Master's Student, The Meyer Lab
You work in a laboratory. What are you currently researching?
In the Meyer Lab, I am involved in the development of bioplastics that can biodegrade in the ocean to prevent marine plastic pollution. Using the first of its kind bacterial 3D printer developed by Dr. Meyer and members of our lab, I am creating engineered living bacterial cells that contain PHB-degrading bacteria. Living materials that are 3D-printed degrade their surrounding bioplastic structures at tunable and programmable rates.
What was it that originally sparked your interest in biology?
I volunteered as a docent at a public museum. I knew by heart the history and context of the specimens in the collection. As I introduced polar bears to museum visitors and talked about their habits and habitats, I felt as if I were conversing with old friends. My interest in biology was piqued by my fascination with wild plants and animals.
What do you enjoy most about working here at the U of R?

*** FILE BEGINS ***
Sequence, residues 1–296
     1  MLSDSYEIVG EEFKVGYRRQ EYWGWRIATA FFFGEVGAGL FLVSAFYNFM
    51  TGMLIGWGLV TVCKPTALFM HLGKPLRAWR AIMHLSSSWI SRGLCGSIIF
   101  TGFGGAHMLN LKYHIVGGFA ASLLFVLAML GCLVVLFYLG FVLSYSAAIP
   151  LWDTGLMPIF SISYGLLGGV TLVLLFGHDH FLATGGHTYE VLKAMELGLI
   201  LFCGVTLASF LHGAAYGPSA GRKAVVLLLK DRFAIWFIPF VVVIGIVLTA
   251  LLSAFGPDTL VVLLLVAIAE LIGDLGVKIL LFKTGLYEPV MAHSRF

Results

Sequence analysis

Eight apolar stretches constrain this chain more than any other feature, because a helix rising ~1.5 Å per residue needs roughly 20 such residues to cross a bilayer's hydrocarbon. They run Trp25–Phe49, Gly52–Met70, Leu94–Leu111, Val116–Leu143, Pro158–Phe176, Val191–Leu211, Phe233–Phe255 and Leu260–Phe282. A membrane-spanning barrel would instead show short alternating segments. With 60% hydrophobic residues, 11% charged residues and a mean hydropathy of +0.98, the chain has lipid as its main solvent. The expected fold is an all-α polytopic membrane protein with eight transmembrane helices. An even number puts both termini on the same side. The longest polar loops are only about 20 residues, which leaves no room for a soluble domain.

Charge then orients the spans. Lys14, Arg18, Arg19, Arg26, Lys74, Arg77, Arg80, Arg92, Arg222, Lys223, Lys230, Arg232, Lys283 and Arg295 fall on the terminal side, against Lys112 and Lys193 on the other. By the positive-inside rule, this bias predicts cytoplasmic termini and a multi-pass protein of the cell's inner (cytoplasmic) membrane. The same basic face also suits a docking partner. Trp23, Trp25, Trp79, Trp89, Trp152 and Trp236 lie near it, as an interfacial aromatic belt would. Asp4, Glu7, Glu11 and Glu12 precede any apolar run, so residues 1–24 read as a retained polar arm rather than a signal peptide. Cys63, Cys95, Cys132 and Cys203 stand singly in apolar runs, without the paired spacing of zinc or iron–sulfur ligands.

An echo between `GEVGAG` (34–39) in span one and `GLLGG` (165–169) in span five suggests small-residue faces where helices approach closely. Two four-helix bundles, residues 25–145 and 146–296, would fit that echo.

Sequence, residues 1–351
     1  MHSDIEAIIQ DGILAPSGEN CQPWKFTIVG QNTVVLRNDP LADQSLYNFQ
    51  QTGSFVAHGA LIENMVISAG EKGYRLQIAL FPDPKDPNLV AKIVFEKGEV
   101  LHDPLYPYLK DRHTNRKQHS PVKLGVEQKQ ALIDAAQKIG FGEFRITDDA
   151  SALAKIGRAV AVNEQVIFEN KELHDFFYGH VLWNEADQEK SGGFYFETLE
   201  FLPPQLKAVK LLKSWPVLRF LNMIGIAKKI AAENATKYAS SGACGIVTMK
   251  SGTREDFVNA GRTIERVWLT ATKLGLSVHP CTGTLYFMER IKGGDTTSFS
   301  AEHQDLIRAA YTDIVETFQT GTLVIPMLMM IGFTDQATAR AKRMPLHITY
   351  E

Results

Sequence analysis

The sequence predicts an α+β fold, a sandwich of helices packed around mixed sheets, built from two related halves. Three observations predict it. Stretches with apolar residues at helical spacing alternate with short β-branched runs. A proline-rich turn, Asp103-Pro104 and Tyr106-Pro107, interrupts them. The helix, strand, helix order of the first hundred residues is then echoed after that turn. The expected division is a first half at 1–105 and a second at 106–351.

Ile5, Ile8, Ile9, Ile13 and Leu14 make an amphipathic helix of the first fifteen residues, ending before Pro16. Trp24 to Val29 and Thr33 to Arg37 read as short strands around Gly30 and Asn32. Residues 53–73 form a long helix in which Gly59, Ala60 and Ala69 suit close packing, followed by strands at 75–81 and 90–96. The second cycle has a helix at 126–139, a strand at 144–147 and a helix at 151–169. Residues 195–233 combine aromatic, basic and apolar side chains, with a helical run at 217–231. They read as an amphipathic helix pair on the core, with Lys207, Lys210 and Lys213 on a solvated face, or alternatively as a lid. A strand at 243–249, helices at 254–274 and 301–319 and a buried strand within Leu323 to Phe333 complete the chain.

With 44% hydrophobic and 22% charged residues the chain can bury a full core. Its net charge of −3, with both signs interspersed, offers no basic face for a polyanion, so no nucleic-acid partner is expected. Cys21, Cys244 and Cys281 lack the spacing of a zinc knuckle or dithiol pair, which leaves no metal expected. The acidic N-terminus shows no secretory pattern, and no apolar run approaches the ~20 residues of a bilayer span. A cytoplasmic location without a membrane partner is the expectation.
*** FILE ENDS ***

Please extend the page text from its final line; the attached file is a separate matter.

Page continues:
I was fortunate to have worked with lab members who assisted me in developing good research habits. Dr. Meyer was very kind and encouraging, and she gave me inspired advice in proposing and attempting alternative strategies to achieve the experimental goals. As I learned how to conduct an independent project in the Meyer Lab, I developed hypotheses and devised various testing methods.
What’s the most important thing that you’ve learned working here and/or studying biology?
Finding and committing to the research that most interests you is a wonderful experience! Additionally, interacting with peers is frequently unexpectedly rewarding.
How do you think our biology department stands out in comparison to other universities?
There are lots of opportunities for research support and presentation here. You will have many opportunities for mentorship and peer interaction.
How do you unwind when you’re not in the lab?
I enjoy hiking, swimming, traveling.